Uganda Humanist Schools Trust is working with the charity Play Action Internationalhttps://playactioninternational.org/, on a Joint Project to create playgrounds in four Humanist primary schools. 

Our schools are in poor rural areas where families find it difficult to make ends meet and many children are required to work from an early age. They rise early to complete household chores before they go to school. They fetch water and firewood when they return in the evenings. In cases of extreme poverty, some children do hard physical labour as charcoal burners and carriers.

Going to school is a relief from the daily drudgery but in many schools, children have formal lessons all day long. Humanist Schools are a little different. They recognise that children learn better when schools are welcoming and caring, and foster a happy environment based on mutual respect. 

Play Action International has many years of experience developing playgrounds in situations of high social stress, such as in camps housing the many refugees that Uganda cares for from the Congo and South Sudan. They work in impoverished rural areas, where they have found that schools with well-designed playgrounds have:

  • Higher enrolment rates
  • Less absence from school
  • More cooperative learning through play
  • Improved concentration in class

We all recognise the truth in the adage that “All work and no play make Jack a dull boy”. Through this collaboration with Play Action International, we aim to help the Humanist Schools to foster joy and happiness through purposeful play. Play Action International has put much thought into designing playground equipment that is safe, durable and promotes imaginative play (a few of these are pictured). As part of the project Play Action will run 4 days of play-based education training in each school to introduce the schools to new strategies for learning through play.

UHST helps Humanist High Schools to rescue Primary Schools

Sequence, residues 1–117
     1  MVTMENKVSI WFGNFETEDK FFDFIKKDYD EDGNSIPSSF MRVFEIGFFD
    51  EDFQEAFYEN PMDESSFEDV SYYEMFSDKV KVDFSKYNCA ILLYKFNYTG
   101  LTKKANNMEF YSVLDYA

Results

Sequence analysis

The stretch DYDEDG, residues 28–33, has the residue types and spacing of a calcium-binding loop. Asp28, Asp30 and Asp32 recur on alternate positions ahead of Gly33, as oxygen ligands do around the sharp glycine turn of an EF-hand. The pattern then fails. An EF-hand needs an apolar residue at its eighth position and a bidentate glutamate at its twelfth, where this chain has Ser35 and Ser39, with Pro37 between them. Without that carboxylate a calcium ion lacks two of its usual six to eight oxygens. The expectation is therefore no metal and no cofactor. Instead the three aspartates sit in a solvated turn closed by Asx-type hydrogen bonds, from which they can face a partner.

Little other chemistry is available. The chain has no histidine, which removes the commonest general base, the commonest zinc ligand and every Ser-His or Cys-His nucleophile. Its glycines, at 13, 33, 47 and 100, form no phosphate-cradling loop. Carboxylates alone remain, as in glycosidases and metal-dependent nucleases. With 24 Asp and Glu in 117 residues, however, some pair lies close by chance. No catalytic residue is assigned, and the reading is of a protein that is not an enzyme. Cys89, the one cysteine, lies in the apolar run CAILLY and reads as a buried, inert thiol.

We should like to thank UHST supporters for enabling us to buy two failed primary schools. It was difficult to ignore appeals from the Directors of Isaac Newton and Mustard Seed Humanist High Schools, which had, in turn, been petitioned by members of their local communities. The attached photograph shows parents from Kateera village meeting Peter Kisirinya to plead with him to save their local primary school.

A similar meeting took place in Busota, where local families pressed for Moses Kamya to turn their failed primary school into one run on the lines of the Humanist high school, which has become much respected in the area. 

We received donations of £38,000 which, with a bequest from the will of Thelma Taylor, a long-term supporter of our charity, made it possible to buy the two schools. 

There is still a lot to do to bring them up to standard. However, there is enough money to make a good start on this. We have worked out a programme to refurbish the schools, improve the water supply, construct decent toilets, appoint teachers with some pay in advance so they can have some confidence that they will be looked after. Each school needs a playground for the little ones and books, educational toys and learning materials.

Families in the two communities are delighted. They have seen the difference that Humanist schools, based on reason, compassion and tolerance, can make to their children and indeed to the whole community around them and they will do all they can to support the new schools.

The last two years have seen a step change for UHST and the Humanist school movement in Uganda. We are important partners of two Humanist high schools and four Humanist primary schools and are helping to support new schools as they come along. Reports will be sent out in the next few days on developments at the Katumba and Kanungu Schools, near the Congo border.

I would like to say a big thank you for supporting these ground-breaking Humanist Schools in Uganda. Perhaps they will become a model for other countries. The second photograph shows happy children from the rescued primary school visiting the campus of Isaac Newton High School.